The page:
What to look for in an in-house blank shearing line
December 11, 2003
Because of sluggish economies and uncertain markets, the need to hone a competitive edge is more sharply defined. Many stampers are doing this by taking control of their material inventory and production schedules by adding a cut-to-length blank shearing line.
An in-house blank shearing line allows stampers to pay less for steel because they can purchase it in bulk, monitor coil condition, and run blanks on their own production schedules instead of a supplier's.
A basic line will unwind, straighten, feed, and shear-to-length materials from 6 inches to 60 in. wide and 0.030 to 0.135 in. thick.At the beginning of every blanking line is a feed line that sends material into a shear instead of a press. However, before the material gets to the shear and stacking system, it has to go through other equipment at the front end of the line. If these pieces of equipment are not given careful consideration, the new line can become a cost instead of a profit. Here's where it all starts.
Stampers have two choices for unwinding coil: a coil cradle or a coil reel. A coil cradle may limit the variety of material that can run through the blanking line because the coil rests on two rollers in the bed of the cradle. A high coil-weight-to-stock-thickness ratio can damage the material's surface or deform the stock to an unacceptable condition.
Coil reels come in two versions: powered or pull-off. The type of coil reel needed depends on the line's straightener. Typically, a pull-off coil reel is used with a powered straightener, and a powered reel is necessary with a pull-through straightener.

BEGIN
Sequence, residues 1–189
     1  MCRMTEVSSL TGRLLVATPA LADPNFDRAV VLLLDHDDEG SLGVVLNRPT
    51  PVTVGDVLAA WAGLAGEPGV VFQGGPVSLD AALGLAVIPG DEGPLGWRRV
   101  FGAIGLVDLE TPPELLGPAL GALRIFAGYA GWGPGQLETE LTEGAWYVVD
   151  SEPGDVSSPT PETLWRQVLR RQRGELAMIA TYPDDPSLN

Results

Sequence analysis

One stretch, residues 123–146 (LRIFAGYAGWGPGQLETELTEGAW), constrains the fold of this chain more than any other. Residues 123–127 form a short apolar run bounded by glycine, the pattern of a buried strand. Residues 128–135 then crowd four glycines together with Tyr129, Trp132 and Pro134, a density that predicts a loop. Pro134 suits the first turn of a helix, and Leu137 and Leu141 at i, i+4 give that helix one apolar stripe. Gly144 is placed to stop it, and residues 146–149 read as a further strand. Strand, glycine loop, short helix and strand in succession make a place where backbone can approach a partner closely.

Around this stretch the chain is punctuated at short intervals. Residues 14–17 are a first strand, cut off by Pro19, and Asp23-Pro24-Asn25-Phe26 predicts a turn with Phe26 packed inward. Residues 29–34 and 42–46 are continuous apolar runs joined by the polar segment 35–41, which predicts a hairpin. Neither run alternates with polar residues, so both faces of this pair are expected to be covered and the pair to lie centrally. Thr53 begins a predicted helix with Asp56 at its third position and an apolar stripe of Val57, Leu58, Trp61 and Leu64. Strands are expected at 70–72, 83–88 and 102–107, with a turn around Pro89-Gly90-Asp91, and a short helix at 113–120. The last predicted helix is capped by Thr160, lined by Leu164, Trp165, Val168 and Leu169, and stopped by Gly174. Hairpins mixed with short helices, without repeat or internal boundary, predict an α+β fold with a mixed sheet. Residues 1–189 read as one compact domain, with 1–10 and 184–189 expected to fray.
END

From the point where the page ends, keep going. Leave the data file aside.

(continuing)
Regardless of which reel type is chosen, several commonalities emerge for all blanking lines. First, the most overlooked item in reel is its braking system. This may not sound important, but problems can arise by using the wrong reel braking system.
The brake should allow for gradual application without jerking the material, which prevents damage such as skidding. In all cases, a fail-safe brake must be used that locks the mandrel upon loss of air pressure, which reduces the chance of costly mishaps.
The mandrel and mandrel caps are another area to research. If a coil's ID is not concentric during the run, the last few wraps could be damaged. A full-radius mandrel cap or a drum-type cap should be considered. Choosing the right hold-down arm is another consideration. Sometimes a nonpowered hold-down wheel will fit an application.
In job shops where frequent changeovers and batch runs are the norm, a coil load car allows prestaging of the next coil for faster changeovers. Coil car options such as a rotating coil deck that turns 90 degrees can enhance the loading process in tight spaces. When a full coil is not processed in a single run, the smaller OD of the partial coil makes offloading and reloading difficult. Though most coil cars have a lift of 18 in., an extended lift of 24 in. may be specified to handle a range of coil sizes.